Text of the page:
post #99 of 135
A single shouldn't "disrupt the order" if they're playing through. While some times they will let me tee off and go out to my ball before they hit, I will sometimes ask if they want to hit together as a 5. USUALLY, someone will peel one off to the right or left and require a little bit of a look. While I can go to my ball and play on from there. This way, they aren't waiting on the tee for you to get 500 yards out because one guy hit it 230 last year. You cut at least half of that wait off. If after I take my next shot, I have a safe avenue- I'll tell them to hit theirs up as well while I'm making my way to the green. I putt out and move on. They can then chip up or whatever. By the time they get to the next tee, I'm already far enough out and they play ready. It's a subtle way of getting them to keep up a pace without that "Oh, we're waiting for that single" that they might say to the group behind them.

Even if I'M the one who peels one off, we are still together a bit before I get ahead on the next shot. If we're still "together" at the green, I'll putt out first and try and get to the next tee. Because I KNOW they'll be futzing around while they eyeball that 8 footer for a 9. Everybody is still moving and keeping things in motion.
post #100 of 135
Quote:
Originally Posted by jfrain2004 View Post

clarkgriswold hit it on the nail.  The guy that hits it out 180yrd on a par 5 then waits for green to clear before hitting his next 350yrd 3 wood is the type of golfer I can't hack. And D-Man is spot on as well with the guys that play with dimpled golden nuggets.  They hit a ball OOB and proceed to follow it.  Courses are to blame here for allowing gaps in their perimiter that encourages guys to go looking for balls they have hit OOB.  Am I correct in saying that according to the rules of golf you are qutomatically disqualified from a competition if you leave the course ie  go to retrieve a ball that is OOB?

 

I will admit it. Before reading the threads on TST about slow play, I was the guy would wait for the green to clear. Purely due to ignorance, I thought waiting was proper etiquette. Honestly, if there isn't anyone behind me, I will still continue to wait just so the folks in front don't feel unnecessarily rushed. As far as OOB, I'm not sure if the two courses I play are even marked. I suppose it becomes common sense at some point. 

 

Regarding the ESC option, Every time I go out to play golf, I start out with the goal of shooting my lowest score. Occasionally, I will have a blowup hole and will stop at 10 on my scorecard - similar to an ESC. Unless it were to happen late during a really good round, with my game it's hard to recover from a hole like that (as far as setting a personal best). I just accept this won't be the day and consider the remainder of the round as practice while continuing to keep score. Usually the round plays a bit faster.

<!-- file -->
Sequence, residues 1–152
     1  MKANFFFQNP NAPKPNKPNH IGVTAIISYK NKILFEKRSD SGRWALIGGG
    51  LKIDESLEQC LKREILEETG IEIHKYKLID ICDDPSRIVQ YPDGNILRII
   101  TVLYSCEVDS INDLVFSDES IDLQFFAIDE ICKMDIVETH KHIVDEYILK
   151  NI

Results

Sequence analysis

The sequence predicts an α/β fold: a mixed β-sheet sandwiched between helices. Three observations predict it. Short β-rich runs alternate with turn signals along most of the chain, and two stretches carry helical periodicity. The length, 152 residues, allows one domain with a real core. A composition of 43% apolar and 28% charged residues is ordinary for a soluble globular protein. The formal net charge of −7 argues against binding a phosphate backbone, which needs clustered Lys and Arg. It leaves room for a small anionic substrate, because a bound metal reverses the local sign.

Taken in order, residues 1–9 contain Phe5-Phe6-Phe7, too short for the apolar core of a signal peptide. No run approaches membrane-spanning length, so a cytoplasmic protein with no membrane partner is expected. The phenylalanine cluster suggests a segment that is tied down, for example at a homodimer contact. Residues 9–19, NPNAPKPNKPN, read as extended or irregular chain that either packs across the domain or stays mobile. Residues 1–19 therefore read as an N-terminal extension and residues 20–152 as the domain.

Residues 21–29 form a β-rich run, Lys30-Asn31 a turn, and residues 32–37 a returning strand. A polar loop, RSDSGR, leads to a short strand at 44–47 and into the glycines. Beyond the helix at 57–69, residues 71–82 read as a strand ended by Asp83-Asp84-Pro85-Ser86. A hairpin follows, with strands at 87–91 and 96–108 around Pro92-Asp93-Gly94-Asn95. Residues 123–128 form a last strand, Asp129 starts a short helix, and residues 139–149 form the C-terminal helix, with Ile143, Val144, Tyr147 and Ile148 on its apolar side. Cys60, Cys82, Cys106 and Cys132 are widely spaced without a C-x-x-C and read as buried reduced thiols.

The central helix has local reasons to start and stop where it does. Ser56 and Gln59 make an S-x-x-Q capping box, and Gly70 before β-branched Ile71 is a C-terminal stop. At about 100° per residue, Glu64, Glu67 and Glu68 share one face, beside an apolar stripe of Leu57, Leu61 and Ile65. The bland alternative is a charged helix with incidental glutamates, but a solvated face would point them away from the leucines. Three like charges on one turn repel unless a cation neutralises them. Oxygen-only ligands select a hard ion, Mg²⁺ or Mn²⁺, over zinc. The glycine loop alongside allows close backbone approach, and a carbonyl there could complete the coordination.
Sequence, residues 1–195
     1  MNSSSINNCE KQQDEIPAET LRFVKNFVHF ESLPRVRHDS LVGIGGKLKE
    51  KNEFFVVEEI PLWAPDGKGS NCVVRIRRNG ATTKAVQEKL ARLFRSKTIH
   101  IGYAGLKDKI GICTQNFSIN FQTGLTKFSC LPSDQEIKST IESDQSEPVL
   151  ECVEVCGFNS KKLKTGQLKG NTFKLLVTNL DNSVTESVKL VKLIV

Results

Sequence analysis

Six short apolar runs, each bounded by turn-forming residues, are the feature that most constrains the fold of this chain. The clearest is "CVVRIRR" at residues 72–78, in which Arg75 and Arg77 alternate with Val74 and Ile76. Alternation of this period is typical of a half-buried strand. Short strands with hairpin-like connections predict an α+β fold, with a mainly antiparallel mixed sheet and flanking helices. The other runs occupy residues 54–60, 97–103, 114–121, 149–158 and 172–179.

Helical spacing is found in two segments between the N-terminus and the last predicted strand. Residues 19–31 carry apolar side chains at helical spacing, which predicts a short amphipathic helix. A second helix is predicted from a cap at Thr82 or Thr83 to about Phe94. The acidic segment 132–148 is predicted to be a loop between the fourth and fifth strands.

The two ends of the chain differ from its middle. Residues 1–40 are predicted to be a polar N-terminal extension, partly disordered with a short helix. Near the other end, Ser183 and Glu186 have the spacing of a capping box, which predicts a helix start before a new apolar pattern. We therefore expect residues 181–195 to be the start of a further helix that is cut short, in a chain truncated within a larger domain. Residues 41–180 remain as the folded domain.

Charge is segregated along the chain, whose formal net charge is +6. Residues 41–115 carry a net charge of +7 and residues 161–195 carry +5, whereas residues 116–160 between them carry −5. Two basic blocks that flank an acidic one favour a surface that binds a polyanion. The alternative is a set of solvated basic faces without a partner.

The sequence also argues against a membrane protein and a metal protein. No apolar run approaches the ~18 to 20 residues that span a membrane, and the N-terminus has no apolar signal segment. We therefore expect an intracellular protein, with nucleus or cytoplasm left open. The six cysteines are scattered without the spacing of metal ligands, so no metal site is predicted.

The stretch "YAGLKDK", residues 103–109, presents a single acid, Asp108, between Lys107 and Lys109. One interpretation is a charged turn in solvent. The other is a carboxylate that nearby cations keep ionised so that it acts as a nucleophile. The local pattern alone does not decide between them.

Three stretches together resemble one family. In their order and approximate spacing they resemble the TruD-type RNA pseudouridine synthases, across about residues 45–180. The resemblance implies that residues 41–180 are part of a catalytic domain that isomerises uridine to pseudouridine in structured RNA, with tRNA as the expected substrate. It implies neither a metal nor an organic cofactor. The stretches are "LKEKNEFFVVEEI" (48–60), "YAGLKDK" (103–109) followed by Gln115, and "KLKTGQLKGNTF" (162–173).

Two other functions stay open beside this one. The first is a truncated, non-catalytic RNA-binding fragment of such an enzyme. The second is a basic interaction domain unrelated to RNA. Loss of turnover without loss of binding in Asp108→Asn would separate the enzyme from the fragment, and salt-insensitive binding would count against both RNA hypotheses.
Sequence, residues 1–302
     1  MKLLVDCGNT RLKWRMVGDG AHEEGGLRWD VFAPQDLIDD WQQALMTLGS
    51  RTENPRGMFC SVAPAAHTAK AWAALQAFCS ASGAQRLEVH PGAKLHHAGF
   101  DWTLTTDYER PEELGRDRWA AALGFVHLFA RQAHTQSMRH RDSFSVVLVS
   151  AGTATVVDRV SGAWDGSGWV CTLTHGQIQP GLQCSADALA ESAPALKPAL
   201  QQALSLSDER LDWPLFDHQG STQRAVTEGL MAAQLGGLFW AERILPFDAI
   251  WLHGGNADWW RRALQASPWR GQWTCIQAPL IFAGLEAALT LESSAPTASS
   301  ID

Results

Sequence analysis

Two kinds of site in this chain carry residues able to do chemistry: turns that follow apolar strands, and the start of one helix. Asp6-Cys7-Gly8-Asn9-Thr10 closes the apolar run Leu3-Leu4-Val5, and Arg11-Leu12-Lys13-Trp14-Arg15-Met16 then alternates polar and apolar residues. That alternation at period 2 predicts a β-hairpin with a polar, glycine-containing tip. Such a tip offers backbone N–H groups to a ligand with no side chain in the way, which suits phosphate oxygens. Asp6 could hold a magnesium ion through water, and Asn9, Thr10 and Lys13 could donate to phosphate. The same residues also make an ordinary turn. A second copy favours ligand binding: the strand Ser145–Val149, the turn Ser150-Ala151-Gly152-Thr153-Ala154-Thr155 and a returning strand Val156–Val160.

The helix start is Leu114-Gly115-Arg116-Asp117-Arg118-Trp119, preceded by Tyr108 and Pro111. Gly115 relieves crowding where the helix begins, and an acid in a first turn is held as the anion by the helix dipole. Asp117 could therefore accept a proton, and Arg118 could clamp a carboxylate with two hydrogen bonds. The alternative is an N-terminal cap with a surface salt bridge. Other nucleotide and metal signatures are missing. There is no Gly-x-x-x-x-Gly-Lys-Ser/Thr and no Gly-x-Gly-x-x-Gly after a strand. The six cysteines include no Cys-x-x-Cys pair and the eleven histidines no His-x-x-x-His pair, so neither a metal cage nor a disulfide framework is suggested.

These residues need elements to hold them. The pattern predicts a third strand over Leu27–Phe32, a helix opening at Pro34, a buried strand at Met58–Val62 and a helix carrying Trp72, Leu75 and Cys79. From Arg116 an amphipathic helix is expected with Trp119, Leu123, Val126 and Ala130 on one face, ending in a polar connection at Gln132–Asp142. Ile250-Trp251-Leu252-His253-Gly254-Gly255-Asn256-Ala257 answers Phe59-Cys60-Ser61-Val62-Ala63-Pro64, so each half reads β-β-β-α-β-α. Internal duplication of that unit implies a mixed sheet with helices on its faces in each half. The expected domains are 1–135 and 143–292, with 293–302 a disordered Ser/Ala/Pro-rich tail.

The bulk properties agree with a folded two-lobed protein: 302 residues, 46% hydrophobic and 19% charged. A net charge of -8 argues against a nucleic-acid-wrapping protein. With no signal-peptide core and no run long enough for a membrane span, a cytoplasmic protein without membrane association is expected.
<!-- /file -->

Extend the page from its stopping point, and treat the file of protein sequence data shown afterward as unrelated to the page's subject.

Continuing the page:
There is so much more to golf than just a good swing. If I'd played more golf with others, chances are I would have been "taught" the game properly including rules and etiquette.

post #101 of 135
Quote:
Originally Posted by JonMA1 View Post

 

I will admit it. Before reading the threads on TST about slow play, I was the guy would wait for the green to clear. Purely due to ignorance, I thought waiting was proper etiquette. Honestly, if there isn't anyone behind me, I will still continue to wait just so the folks in front don't feel unnecessarily rushed. As far as OOB, I'm not sure if the two courses I play are even marked. I suppose it becomes common sense at some point. 

 

Regarding the ESC option, Every time I go out to play golf, I start out with the goal of shooting my lowest score. Occasionally, I will have a blowup hole and will stop at 10 on my scorecard - similar to an ESC. Unless it were to happen late during a really good round, with my game it's hard to recover from a hole like that (as far as setting a personal best). I just accept this won't be the day and consider the remainder of the round as practice while continuing to keep score. Usually the round plays a bit faster.